Federal Advocacy Committees
NLC’s seven Federal Advocacy Committees, together with NLC’s leadership and the Federal Advocacy team, play a key role in all NLC advocacy efforts. Comprised of local officials from NLC member cities and towns across the country, the Committees play a central role in developing the organization’s federal policy positions, which are the foundation of our advocacy efforts, and leading our advocacy on the Hill and within the Administration. Combined, these federal policy positions make up the National Municipal Policy, which is a statement of goals, policies, and program objectives that are reviewed annually by the NLC membership.
- 2017 Annual Business Meeting Book. Please click here to download materials for the Annual Business Meeting. The meeting will take place on Saturday, November 18 at 2:45 pm in Charlotte Convention Center, Richardson Ballroom B.
- 2017 Resolutions Committee Book. Please click here to download the book for tomorrow's Resolutions Committee Meeting. Hard copies will be available in the room. The meeting will be held promptly after the Board meeting in the Westin Charlotte Hotel in Grand Ballroom C.
- Broadband Isn’t a Luxury – It’s Infrastructure. In a CitiesSpeak guest post, Arlington, Texas, Mayor Pro Tempore and NLC Information Technology and Communications Committee Chair Sheri Capehart explains how city leaders can shine by closing the broadband adoption gap.
- NLC National Municipal Policy. The National Municipal Policy is a compilation of the organization’s federal policy positions. These positions focus on federal actions, programs, and legislation that directly impact municipalities and guide all of NLC's federal advocacy efforts.
The Finance, Administration & Intergovernmental Relations (FAIR) Committee is responsible for developing policy positions on issues involving national economic policy, general financial assistance programs, liability insurance, intergovernmental relations, Census, municipal bonds and capital finance, municipal management, antitrust issues, citizen participation and civil rights, labor relations, Native American sovereignty and municipal authority.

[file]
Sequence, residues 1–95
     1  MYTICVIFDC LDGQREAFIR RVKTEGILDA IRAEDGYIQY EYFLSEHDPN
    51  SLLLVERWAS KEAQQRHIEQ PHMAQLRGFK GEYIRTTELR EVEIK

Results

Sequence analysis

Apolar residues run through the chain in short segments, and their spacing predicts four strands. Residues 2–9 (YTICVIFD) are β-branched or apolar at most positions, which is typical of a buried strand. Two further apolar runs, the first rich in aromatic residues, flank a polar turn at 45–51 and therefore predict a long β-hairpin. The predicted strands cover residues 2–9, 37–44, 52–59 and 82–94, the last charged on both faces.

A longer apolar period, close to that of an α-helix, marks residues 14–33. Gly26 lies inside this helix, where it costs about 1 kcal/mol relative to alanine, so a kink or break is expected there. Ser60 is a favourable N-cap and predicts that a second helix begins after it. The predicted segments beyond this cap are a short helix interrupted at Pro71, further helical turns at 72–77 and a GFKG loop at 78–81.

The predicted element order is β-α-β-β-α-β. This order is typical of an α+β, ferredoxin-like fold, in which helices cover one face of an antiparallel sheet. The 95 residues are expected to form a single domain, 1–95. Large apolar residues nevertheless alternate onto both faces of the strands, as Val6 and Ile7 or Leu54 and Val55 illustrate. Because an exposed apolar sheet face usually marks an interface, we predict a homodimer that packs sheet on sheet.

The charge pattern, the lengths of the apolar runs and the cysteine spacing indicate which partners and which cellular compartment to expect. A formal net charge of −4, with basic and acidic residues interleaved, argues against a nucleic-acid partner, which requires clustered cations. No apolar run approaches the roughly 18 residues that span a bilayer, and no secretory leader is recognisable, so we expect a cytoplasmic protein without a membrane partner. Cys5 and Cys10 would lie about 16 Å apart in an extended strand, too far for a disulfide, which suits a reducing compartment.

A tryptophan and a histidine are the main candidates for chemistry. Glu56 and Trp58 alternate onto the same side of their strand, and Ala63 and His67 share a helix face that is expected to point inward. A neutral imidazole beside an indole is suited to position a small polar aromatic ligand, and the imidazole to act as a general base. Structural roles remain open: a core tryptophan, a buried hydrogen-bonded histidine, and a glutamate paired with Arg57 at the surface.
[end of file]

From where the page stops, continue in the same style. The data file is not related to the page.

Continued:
The Energy, Environment & Natural Resources (EENR) Committee is responsible for developing policy positions on issues involving air quality, water quality, energy policy, national wetlands policy, noise control, and solid and hazardous waste management.
The Community & Economic Development (CED) Committee is responsible for developing policy positions on issues involving housing, community and economic development, land use, recreation and parks, historic preservation, and international competitiveness.
The Human Development (HD) Committee is responsible for developing policy positions on issues involving social services, children and learning, poverty and income support, employment and workforce development, equal opportunity, Social Security and seniors, individuals with disabilities, public health care, mental health parity, and immigration reform.
The Transportation & Infrastructure Services (TIS) Committee is responsible for developing policy positions on issues involving transportation, including planning, funding, safety and security of public transit, streets and highways, aviation, railroads and ports.
The Public Safety & Crime Prevention (PSCP) Committee is responsible for developing policy positions on issues involving crime prevention, corrections, substance abuse, municipal fire policy, juvenile justice, disaster preparedness and relief, homeland security, domestic terrorism, court systems and gun control.
The Information Technology & Communications (ITC) Committee is responsible for developing policy positions on issues involving telecommunications and information systems (and public access to these systems), privacy concerns, cable TV, phone services, spectrum issues, communications tower siting, universal service, broadcasting, and defense of city rights-of-way from degradation caused by installation of communications facilities.